I wouldn’t advise waiting until your braking system completely stops working because the faulty system can also lead to accidents. You must keep an eye on the fluids, monitor it regularly to make sure you get the chance to change them before they cause trouble.
After setting up the break fluids for the first time, you are more or less safe for 4 to 5 years usually. The duration varies on how you are maintaining everything. From its bright clear color, the fluid will slowly keep going darker and darker. It’d appear dirty and rusty over time.
That’s the point where the contaminated fluid starts damaging your components instead of operating them.
Brake fluids usually get contaminated by exposure to dust, mud, and stuff that doesn’t mix well with the fluids. The rusty dark, the black color of brake fluid is your cue to bleed the old brake fluid and replace it with newer and better ones.
What to Do if Your Brake Fluid Color is Dark?
The dark color of your brake fluid is an indication of your fluid’s deterioration. The darker it is, the more contaminated and moisturizing it will be.
As mentioned above, brake fluid loses its clear color as it absorbs contaminated stuff over time and reaches a point where it cannot function anymore. Instead, it contributes to the damaging of your brake components.
You cannot expect your brakes to work properly in its darkest state. And you most obviously want your brakes to work. So, what to do now? It’s quite simple. All you have to do is find out which type of brake fluid is suitable for your vehicle. Once you find out, go out to the market and buy a new one.
Usually, DOT 4 is the safest one. Once you’ve got the new fluid, bleed out the old one, clean your braking system up, and pour the new one into it. This will restore your brakes to their old glory.
Thinking about taking your vehicle out for a ride even though you’ve noticed the fluids changing into pitch-black color?
If you are, don’t. Now, you might be too lazy to change the fluids thinking it’d be okay for this one time. I highly advise you to think again and keep thinking until you decide to change them to avoid fatal accidents.
Frequently Asked Questions
Here we have some of the most commonly asked queries regarding the color of brake fluid:
#1. What color is brake fluid when it leaks?
Answer: Leaking brake fluid can be easily distinguished due to its unique color that it shares with no other fluids in the car. Leaking brake fluid would appear mineral clear with bits of yellowness to light brown. It usually looks a lot like vegetable oil.
#2. What color is DOT 3 brake fluid?
Answer: DOT 3 brake fluid is the oldest one in the bunch. In its freshest condition, it should appear clear with a bluish hue of the sky or the ocean. It will go darker over time as it deteriorates.
#3. What color is DOT 4 brake fluid?
Answer: DOT 4 brake fluid should appear amber in color with clearness. It can resemble vegetable oil or American beer.
#4. What color is DOT 5 brake fluid?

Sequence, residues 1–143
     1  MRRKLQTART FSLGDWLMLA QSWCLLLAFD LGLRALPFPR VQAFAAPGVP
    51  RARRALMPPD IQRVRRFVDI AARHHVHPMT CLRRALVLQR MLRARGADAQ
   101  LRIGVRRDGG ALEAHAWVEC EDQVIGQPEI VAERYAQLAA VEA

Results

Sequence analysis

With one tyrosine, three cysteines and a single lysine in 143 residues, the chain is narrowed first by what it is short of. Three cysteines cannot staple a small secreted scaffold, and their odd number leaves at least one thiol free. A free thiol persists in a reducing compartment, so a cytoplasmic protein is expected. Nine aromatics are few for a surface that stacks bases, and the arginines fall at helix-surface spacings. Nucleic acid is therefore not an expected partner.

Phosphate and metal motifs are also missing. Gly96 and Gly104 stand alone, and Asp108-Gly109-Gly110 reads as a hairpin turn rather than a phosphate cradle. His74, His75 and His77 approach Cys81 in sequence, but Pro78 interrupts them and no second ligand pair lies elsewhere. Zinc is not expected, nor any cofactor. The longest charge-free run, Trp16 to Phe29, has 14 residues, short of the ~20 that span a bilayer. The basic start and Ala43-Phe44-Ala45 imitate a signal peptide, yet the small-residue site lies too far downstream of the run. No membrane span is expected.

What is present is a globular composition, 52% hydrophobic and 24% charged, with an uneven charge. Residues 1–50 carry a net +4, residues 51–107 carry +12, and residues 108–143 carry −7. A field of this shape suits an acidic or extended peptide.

Answer: DOT 5 brake fluid should also appear as clear as a mineral with a little bit of purpleness to it. The purple color comes from the dye used in the production of this fluid type.
#5. What color is silicone brake fluid?
Answer: Silicone brake fluid has a purple tint with the usual clearness in color.
#6. Can I change my own brake fluid?
Answer: Of course, you can change your own brake fluid. And why shouldn’t you since it saves up a lot of your money and strengthens your braking system? I have here a little guide just for you to easily follow to change your own brake fluid.
For this, however, you are going to be needing a couple of tools. Make sure to use a lint-free cloth, a blaster, and a bottle of freshly bought brake fluids. Make sure to buy the fluid that is advised for your vehicle by the manufacturer. Now, let’s follow these steps:
- First, grab your blaster and use it to “blast out” or wipe out the old contaminated fluid from the master cylinder reservoir.
- If and only if it is possible to reach into the reservoir, do so with the lint-free cloth and clean it out.
- Now that the cylinder is ready for new fluids, pour the new ones until the “full” line is reached.
- Once it is filled, close the cylinder to prevent moisturizing and contamination.
#7. Is a brake fluid leak dangerous?
Answer: Leaking brake fluid can be extremely dangerous, depending on the situation. Vehicles often have the fluids leaking out due to various causes. It is highly recommended to always keep an eye out for leaks.
Regular inspection is required to prevent brake fluid leaking to turn into something we all end up regretting. As we have already discussed before, as great as hydraulic brakes are, they are nothing without fluids. No fluid might as well mean no braking system in a vehicle. So, if brake fluid keeps leaking, it’ll cripple the brakes.
As a result, you’d find your brakes stop working altogether or malfunctioning. Now, imagine that happening on a highway road filled with speeding traffics. Not a good picture, is it?
#8. What color is power steering fluid?
Answer: Read the power steering fluid color guide to know the detail.
#9. What color is transmission fluid?
Answer: Read this automatic and manual transmission fluid color guide for detail.
The importance of brake fluid is immense. Therefore, regular inspection is a must. Checking the color of brake fluids can tell a lot about the braking system’s functionality.
You’d know when to change your fluids by the color of each fluid. Also, you’d be able to figure out the types just by looking at the colors. It is an easy skill to obtain that is necessary for all vehicle users.
If you have any confusion/questions about what color is brake fluid, let us know by commenting here.